In summary the ballad concerns a Sir Bertram of Bothal who sought the love of Isabel. a daughter of Lord Widdrington but her heart was not won so easily. One day, as Bertram sat to dine with Lord Percy at Alnwick she sent him a helmet accompanied by a message that read:
“Sir knight, thy lady sends the this,
And yields to be thy bride,
When thou hast proved this maiden gift,
Where sharpest blows have tried.”
The call for bravery, supported by the enthusiastic Percy was taken up and they went raiding in Scotland where Bertram performed many valiant deeds but suffered a severe wound. He was then taken by his companions to the castle at Wark on Tweed for recovery. Meanwhile Isabel had set off to search for him but was captured by a Scot who had desired her heart and he kept her in confinement.
Bertram then recovered and set out to look for her but upon finding her place of confinement he witnessed her escape down a ladder of ropes assisted by a lad in Highland dress who he assumed to be a suitor. It sent Bertram into a jealous rage and he attacked the stranger with his sword delivering a mortal blow which Isabel also received as she tried to throw herself in front of the unfortunate man.
In her dying words Isabel revealed that the stranger was in fact Bertram’s brother who had come to rescue her. The remorseful Bertram is then said to have given away all his goods and possessions to the poor and lived the rest of life as a hermit in the hermitage that he supposedly cut into the banks of the Coquet at Warkworth.
Amble by the Sea
From the river loop at Warkworth the estuarine River Coquet heads about a mile south east to the village of Amble on the south side of the river. The road between the two places runs alongside the river accompanied by the sight and sounds of seabirds and the smell of the salty sea air.
Amble is larger than Warkworth but still a relatively tiny town with a picturesque harbour and pleasant views out to sea as well as inland to Warkworth Castle.
There was a settlement at Amble in ancient times with early spellings of the name including Ambell and Annebele. It is thought to mean the ‘bill or promontory of Anna’, though it may have earlier Celtic roots. A Celtic name ‘Am Béal’ meaning tidal inlet has been suggested and that is certainly an accurate description of Amble. An extensive ancient burial ground exists on the links to the south of Amble.
For much of its history Amble was a tiny hamlet with a manor house that belonged in medieval times to Tynemouth Priory. There was also possibly a monastic cell here belonging to the priory. The river mouth at Amble formed the port of Warkworth and it is recorded that in 1316 a ship laden at Hartlepool with wheat rye and salt and destined for Berwick was driven ashore by pirates here.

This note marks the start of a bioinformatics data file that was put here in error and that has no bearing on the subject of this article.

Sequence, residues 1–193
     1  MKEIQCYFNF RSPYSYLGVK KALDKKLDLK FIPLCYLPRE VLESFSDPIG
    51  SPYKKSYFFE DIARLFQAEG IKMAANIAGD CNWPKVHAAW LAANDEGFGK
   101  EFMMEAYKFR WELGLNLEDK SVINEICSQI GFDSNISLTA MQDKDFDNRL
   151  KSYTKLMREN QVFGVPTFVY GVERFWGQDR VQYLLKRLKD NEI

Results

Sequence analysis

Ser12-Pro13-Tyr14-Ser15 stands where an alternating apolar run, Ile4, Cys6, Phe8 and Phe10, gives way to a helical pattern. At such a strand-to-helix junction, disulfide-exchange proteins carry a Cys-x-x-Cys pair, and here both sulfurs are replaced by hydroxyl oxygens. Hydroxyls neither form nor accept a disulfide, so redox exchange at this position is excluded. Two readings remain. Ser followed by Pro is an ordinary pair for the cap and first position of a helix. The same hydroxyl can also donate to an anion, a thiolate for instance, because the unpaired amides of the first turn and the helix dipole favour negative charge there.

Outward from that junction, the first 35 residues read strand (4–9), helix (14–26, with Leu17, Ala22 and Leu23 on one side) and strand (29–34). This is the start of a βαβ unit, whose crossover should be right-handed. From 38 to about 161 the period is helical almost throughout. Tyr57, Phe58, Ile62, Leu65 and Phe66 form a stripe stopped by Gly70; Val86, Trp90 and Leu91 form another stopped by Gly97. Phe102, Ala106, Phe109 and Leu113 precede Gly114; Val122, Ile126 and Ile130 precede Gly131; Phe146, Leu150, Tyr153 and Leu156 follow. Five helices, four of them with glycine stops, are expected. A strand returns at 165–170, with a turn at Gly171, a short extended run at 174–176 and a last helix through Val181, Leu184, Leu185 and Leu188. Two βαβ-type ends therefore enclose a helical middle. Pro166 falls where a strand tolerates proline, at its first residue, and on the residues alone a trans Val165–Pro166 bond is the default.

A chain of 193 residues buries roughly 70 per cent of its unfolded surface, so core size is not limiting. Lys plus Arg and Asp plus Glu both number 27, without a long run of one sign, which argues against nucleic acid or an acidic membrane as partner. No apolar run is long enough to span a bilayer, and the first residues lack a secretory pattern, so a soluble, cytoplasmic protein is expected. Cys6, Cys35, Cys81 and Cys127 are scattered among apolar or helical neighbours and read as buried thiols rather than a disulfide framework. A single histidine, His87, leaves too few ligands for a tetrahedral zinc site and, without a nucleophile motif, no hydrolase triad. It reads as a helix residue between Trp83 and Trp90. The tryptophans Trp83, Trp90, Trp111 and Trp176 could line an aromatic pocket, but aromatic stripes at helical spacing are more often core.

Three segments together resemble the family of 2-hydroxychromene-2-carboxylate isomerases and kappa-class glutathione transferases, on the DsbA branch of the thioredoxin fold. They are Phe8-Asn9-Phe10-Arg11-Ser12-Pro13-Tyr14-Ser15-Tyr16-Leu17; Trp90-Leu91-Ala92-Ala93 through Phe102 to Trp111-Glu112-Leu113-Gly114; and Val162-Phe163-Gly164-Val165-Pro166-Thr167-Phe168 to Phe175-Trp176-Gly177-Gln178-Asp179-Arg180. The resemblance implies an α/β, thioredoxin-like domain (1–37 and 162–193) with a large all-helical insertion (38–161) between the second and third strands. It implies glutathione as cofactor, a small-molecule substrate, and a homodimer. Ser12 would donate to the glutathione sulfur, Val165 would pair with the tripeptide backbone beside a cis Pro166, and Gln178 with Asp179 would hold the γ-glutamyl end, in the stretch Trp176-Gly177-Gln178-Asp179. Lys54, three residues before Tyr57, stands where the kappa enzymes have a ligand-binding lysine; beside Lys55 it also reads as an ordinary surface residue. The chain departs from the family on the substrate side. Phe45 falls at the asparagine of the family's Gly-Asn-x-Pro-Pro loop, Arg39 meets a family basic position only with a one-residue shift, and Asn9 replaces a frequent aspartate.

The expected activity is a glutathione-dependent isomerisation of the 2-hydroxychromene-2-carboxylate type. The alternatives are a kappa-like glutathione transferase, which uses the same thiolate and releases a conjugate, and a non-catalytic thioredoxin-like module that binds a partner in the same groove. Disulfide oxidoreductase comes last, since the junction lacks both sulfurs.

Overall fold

There was some small scale mining but it was really in 1837 that Amble’s growth as a town and port kicked off with the construction of a harbour to serve as a coal port for the collieries at neighbouring Radcliffe and Broomhill to the south. The town’s growth increased from a population of 200 in 1821 to 2,975 in 1891. By this time it was described as “a small and rising sea port”. The church, dedicated to St Cuthbert was not built until 1870.
In more recent times Amble has developed as a popular spot for tourists with 15 attractive ‘pods’ on the harbour front serving as outlets selling crafts, accessories, food and drinks and gifts. New housing developments can be seen along the river front on the approach from Warkworth.
Coquet Island with its lighthouse, lies just offshore from Amble and is a sandstone rock built upon a layer of coal measures – so geologically it is not connected with the Farne Islands to the north as they are whinstone rocks.
There was a monastic cell on the island as early as 684 AD, and here Elfleda the abbess of Whitby and sister of King Ecgfrith of Northumbria held a meeting with St Cuthbert in an attempt to persuade him to become a bishop. In later medieval times it is said to have been the home of a Henry the Hermit who was buried at Tynemouth.
In 1567 coiners came to work here to experiment in minting new coins, its location presumably being chosen for its isolation and secrecy. During the Civil War the island was garrisoned for the king but was captured by the Scots in 1643 who replaced it with a garrison of their own. A fortress on the island was partly converted into a dwelling house and lighthouse